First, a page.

P.S. the product 2*2... is best obtained using ISHFT.

| Compiling with 32 bit machine yields:
| MWC result=3740121002 ?
| 3740121002
| KISS result=2224631993 ?
| 2224631993



 
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Uno
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      07-29-2010
glen herrmannsfeldt wrote:
> In comp.lang.fortran (E-Mail Removed) wrote:
>> In article <(E-Mail Removed)>,
>> Harald Anlauf <(E-Mail Removed)> wrote:

> (snip)
>
>>> Does this mean that using different seeds will lead to
>>> streams that are always statistically independent
>>> (as long as one does not exhaust the RNG's period)?
>>> Or are there restrictions on the possible combinations
>>> of seeds?

>
>> No. Without checking it more carefully, I can't say definitely,
>> but it looks as if you would be very unlikely to notice a PRACTICAL
>> association with two different seeds, provided that you throw
>> away the first 10,000 or so numbers - and even that qualification
>> may be unnecessary. But, unless I have some missed some subtlety,
>> the sequences cannot be guaranteed to be pseudo-independent.

>
> My biggest complaint about the current standard RANDOM_SEED
> is that it doens't provide a way to get a reliably good
> seed from a default (likely 32 bit) integer.
>
> There are many generators with extrememly long periods,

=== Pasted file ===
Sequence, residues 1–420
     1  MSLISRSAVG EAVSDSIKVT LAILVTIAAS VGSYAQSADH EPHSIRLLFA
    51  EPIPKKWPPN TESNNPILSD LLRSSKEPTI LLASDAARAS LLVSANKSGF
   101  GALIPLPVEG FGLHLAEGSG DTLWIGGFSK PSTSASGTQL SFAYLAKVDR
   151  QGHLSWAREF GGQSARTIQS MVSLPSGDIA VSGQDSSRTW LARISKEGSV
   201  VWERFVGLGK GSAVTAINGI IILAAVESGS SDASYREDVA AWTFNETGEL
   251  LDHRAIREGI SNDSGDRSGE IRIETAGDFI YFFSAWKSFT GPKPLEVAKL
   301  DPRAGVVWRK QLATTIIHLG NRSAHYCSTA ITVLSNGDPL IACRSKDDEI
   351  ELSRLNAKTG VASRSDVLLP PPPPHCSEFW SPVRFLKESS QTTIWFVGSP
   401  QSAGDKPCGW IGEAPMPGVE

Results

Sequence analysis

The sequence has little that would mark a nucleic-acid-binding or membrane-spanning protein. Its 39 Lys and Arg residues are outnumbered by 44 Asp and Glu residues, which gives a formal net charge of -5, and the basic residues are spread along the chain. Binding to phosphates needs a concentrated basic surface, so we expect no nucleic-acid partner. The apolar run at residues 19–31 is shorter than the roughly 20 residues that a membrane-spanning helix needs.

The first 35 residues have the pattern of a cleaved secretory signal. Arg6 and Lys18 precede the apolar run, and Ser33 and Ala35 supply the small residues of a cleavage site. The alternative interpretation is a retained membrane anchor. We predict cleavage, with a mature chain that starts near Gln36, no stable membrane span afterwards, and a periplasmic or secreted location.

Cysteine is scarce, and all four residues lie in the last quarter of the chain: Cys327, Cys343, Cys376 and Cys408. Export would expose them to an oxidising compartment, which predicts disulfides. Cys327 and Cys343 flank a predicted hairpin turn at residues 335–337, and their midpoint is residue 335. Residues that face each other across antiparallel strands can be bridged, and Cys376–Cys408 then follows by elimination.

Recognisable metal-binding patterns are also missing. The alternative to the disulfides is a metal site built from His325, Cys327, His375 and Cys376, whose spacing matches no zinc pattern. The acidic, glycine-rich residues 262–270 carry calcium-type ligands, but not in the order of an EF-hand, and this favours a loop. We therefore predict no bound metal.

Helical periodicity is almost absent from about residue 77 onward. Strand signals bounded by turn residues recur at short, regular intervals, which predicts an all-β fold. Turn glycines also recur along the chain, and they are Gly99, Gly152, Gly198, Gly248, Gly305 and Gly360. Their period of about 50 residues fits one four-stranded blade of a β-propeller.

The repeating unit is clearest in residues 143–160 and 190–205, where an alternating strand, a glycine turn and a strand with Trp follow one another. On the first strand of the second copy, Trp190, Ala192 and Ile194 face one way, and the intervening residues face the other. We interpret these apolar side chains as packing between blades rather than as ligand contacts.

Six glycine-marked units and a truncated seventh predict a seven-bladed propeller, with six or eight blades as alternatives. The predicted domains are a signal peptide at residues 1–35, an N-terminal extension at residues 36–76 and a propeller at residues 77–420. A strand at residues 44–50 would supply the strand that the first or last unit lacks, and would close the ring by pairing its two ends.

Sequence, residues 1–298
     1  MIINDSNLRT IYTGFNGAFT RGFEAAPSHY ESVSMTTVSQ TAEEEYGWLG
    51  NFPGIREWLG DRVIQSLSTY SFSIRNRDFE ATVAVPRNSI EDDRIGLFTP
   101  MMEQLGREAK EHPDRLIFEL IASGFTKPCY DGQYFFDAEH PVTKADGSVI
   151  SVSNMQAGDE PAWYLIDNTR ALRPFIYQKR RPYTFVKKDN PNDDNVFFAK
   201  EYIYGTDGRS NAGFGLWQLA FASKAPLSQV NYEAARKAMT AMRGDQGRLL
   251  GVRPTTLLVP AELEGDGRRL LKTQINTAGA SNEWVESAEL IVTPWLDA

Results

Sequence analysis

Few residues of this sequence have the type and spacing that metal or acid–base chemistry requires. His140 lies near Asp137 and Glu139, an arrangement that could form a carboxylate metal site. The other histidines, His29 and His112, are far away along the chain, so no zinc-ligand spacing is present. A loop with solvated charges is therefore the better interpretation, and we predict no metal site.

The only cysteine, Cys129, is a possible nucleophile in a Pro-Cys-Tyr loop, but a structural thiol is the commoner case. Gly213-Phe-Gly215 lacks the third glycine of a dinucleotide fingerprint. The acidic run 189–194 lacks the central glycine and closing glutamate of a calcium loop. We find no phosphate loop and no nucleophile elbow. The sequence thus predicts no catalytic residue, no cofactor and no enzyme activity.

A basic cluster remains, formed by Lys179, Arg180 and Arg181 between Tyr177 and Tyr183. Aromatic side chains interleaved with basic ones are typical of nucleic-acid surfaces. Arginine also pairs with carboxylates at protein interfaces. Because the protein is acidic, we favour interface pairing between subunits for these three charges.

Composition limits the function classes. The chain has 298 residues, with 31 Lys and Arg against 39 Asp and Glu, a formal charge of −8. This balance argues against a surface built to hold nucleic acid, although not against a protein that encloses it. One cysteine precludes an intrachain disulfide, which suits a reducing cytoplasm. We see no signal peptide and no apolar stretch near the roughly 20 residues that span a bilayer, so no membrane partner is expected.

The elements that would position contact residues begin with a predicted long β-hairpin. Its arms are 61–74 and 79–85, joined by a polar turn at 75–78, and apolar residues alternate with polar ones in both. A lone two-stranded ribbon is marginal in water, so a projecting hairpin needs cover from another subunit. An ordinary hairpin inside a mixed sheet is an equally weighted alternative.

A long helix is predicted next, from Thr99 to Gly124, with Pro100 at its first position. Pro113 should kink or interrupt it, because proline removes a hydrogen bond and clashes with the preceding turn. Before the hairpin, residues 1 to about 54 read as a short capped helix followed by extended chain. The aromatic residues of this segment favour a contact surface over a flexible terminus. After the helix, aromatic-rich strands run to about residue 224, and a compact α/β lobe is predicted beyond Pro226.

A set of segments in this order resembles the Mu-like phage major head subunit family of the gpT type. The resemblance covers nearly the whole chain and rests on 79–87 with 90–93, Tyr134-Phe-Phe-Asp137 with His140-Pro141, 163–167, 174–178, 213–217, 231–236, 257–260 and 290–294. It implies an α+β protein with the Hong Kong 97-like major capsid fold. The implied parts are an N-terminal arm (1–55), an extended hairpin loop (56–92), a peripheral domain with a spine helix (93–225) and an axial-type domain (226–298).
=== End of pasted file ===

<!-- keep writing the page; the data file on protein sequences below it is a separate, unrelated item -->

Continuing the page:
> and correspondingly long state. As the designers of the RNG
> are the ones likely to know how to choose a good seed, it
> would seem they would be the best ones to supply a good
> seed generator.
>
>> The only two methods I know of of guaranteeing pseudo-independence
>> are using coprime sequences and by choosing them using the spectral
>> test or equivalent. Even then, there are some qualifications on
>> what is meant by pseudo-independence. However, in practice, it's
>> rare to have trouble with high-quality generators.

>
> Now, one can supply an array of the appropriate length to
> RANDOM_SEED(PUT=...), but how to generate such an array
> from a smaller seed? There is no way to know.


So for the put= values in fortran, you need a vector of pseudorandom
integers, which is as good as it gets without truly random devices,
making--one hopes-a period that is large with respect to the interval
you're interested in.

It doesn't seem like a problem with epistemology as much a mathematical
ceiling on how much randomness you can create by a handful of values.
--
Uno